And the butterfly wings of its interrupting leaflets covered with sporangia. My wonder came with the realization that within the interruption not all of the pinnules or subleaflets were covered with the bead-like shapes of fertility. Spores stored within essentially perform the same function as a seed: reproduce and perpetuate the species. So–is part of the pinnule fertile while the rest remains sterile? Do I need to check back? Oh drats, another trip to make along the Mountain Division Trail. Any excuse to revisit it works for me, though one hardly needs an excuse.

Further along I looked to the other side of the tracks for I’d spotted bird movement. Behind it was the reason–my White-tailed Deer friend. I have a feeling people feed it for it seemed not at all disturbed by my presence, unlike the ones in our yard and the field beyond that hear my every move within the house even in the middle of winter and are easily spooked.

The deer, however, wasn’t the only wildlife on or near the trail. Suddenly, a Red Fox appeared and we each considered the other. He blinked first during our stare down and trotted away.

Passing by Ward’s Pond once again, I stopped to check on the turtle. It was still in the same spot I’d seen it probably a half hour before.

Not far from the visitors center, a Big-Toothed Aspens chose to be examined for the soft downy feel as well as color of its leaves. The various hues of color in leaves during spring is caused by the presence of pigments called anthocyanins or carbohydrates that are dissolved in the cell sap and mask the chlorophyll. As the temperature rises and light intensity increases, red pigment forms and acts as a sunscreen to protect the young leaves from an increase in ultraviolet rays.

Because I was standing still and admiring the leaves, I heard another bird song and eventually focused in on the creator.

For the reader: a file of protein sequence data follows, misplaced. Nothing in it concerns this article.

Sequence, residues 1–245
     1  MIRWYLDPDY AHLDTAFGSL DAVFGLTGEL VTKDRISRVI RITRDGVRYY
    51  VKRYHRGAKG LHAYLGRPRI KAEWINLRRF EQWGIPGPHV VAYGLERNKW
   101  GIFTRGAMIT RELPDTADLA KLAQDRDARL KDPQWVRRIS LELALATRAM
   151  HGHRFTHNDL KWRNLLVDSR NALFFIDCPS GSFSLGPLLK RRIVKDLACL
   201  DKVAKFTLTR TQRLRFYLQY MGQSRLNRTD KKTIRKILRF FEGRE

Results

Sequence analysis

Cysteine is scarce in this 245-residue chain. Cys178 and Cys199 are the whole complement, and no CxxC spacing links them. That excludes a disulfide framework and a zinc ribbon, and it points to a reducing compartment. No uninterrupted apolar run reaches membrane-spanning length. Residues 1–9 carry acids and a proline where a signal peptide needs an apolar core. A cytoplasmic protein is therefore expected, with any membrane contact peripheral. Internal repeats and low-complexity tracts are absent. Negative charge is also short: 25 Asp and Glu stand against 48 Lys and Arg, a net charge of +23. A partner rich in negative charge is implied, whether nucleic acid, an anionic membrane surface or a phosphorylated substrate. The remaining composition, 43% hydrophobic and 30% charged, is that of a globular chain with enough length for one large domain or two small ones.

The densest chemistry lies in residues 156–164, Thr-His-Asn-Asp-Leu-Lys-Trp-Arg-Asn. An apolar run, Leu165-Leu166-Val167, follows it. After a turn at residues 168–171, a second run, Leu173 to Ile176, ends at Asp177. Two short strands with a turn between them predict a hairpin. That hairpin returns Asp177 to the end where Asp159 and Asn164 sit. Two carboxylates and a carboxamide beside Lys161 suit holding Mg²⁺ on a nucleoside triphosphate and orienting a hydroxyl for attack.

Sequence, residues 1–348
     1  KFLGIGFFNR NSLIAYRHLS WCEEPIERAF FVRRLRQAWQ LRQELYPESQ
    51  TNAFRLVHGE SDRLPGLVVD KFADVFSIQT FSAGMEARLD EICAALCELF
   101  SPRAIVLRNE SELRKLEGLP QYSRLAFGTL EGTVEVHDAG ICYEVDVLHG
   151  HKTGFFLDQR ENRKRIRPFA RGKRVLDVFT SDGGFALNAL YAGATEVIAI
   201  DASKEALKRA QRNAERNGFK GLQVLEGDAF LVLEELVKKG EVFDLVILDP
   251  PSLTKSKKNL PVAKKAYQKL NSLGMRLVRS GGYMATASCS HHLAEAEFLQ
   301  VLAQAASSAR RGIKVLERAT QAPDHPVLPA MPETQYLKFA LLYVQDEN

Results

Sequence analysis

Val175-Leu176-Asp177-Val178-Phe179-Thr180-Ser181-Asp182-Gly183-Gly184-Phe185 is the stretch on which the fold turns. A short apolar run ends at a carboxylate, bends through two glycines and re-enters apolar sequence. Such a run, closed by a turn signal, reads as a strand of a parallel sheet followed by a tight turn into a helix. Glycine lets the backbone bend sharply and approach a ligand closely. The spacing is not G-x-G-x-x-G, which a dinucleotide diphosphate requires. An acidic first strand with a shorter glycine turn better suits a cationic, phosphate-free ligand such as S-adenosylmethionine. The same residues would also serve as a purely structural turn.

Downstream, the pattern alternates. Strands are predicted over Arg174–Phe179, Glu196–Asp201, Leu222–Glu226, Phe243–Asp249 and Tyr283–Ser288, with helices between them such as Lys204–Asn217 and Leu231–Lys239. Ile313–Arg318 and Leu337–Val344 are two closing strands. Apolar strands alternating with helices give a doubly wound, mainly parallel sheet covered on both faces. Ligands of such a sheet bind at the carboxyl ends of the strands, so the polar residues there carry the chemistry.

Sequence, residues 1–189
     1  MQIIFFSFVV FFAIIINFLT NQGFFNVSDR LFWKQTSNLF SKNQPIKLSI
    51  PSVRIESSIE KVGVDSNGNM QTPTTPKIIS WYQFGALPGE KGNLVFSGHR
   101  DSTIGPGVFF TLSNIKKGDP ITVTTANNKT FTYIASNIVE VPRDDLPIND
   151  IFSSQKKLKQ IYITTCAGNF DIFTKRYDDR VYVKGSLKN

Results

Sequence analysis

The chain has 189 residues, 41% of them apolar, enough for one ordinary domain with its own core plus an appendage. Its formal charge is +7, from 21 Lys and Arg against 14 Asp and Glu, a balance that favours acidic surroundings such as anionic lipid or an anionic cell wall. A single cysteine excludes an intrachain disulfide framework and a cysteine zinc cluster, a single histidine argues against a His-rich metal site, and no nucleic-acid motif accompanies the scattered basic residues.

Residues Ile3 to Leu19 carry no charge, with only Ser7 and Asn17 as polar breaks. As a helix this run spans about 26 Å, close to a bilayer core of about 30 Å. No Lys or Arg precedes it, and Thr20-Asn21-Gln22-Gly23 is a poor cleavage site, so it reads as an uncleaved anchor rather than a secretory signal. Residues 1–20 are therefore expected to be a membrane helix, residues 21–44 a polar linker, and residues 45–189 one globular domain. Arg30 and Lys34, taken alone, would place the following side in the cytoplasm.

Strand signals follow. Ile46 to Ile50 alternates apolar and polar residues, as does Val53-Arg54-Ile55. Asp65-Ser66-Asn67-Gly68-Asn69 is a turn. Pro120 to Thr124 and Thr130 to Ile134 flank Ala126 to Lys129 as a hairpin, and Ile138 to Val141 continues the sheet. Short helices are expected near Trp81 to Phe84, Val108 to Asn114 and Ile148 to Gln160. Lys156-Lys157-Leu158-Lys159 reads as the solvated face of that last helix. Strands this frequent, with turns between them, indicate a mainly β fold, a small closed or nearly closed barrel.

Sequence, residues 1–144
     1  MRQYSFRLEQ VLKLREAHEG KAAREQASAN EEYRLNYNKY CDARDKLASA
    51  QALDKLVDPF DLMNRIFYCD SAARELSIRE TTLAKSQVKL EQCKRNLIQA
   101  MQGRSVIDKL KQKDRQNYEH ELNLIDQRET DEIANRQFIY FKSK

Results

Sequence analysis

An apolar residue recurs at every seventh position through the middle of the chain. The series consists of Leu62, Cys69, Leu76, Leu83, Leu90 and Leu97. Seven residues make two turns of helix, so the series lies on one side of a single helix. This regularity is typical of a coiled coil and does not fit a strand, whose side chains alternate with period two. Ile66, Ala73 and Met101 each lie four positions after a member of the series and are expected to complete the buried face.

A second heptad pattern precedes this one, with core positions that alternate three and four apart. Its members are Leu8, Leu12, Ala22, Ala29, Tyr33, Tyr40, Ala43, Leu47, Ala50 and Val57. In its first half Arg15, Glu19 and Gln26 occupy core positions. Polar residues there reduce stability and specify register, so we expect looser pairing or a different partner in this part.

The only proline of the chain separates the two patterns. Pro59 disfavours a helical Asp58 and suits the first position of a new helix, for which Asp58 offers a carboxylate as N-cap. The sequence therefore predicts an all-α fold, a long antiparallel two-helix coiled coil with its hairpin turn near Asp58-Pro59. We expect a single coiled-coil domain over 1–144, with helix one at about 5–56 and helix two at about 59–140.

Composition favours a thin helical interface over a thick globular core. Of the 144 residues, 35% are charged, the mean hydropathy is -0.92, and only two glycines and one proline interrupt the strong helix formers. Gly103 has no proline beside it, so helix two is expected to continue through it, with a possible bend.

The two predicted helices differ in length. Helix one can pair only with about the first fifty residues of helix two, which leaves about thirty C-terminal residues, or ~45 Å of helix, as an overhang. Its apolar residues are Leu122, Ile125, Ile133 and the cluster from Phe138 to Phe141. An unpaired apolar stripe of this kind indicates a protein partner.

And so I have the Big-Toothed Aspen to thank for showing me the Indigo Bunting. My first ever. (Happy Birthday Becky Thompson.)

A turtle. A deer. A fox. A towhee. A bunting. All of that was only a smattering of wonder found along the Mountain Division Trail. If you go, make sure you recall the old railroad signs: Stop, Look, and Listen.

Taking Flight

Morning had broken . . .

h1-morning has broken

and Pleasant Mountain’s reflection marked a new day.

h2-variable dancers conducting variable dance

New life was also in the making as the Variable Dancer Damselflies practiced the fine art of canoodling. I’d never noticed an oviposition aggregation before, but it made sense if it minimized the threats a couple receives from unattached males. Plus, if the spot was good enough for one pair to lay their eggs, then it must be fine for another. And so I learned something new today.

h3-slaty skimmer

Perhaps it also cut down on predation, though I couldn’t stay long enough to note if the Slaty Skimmer that hung out above turned either pair into breakfast. If so, I hope they at least had a chance to leave their deposits.

h4-Hemlock covered bridge

That was my morning view, but I changed it up a bit this afternoon and darted across the Hemlock Covered Bridge that spans the Old Course of the Saco River in Fryeburg. Built in 1857 of Paddleford truss construction with supporting laminated wooden arches, the bridge is a quaint and charming reminder of days gone by.

h5-bridge

Though reinforced in 1988 so you can drive across, it’s even more fun to glide while admiring the work of our forefathers and . . .

h8-water low

peer out a window at the river from Maine’s oldest remaining covered bridge.

h6-LOVE

The handiwork of more recent travelers . . .

h7-love lasts forever

was also clearly visible.

h9-river jewelwing-female, white dots in sync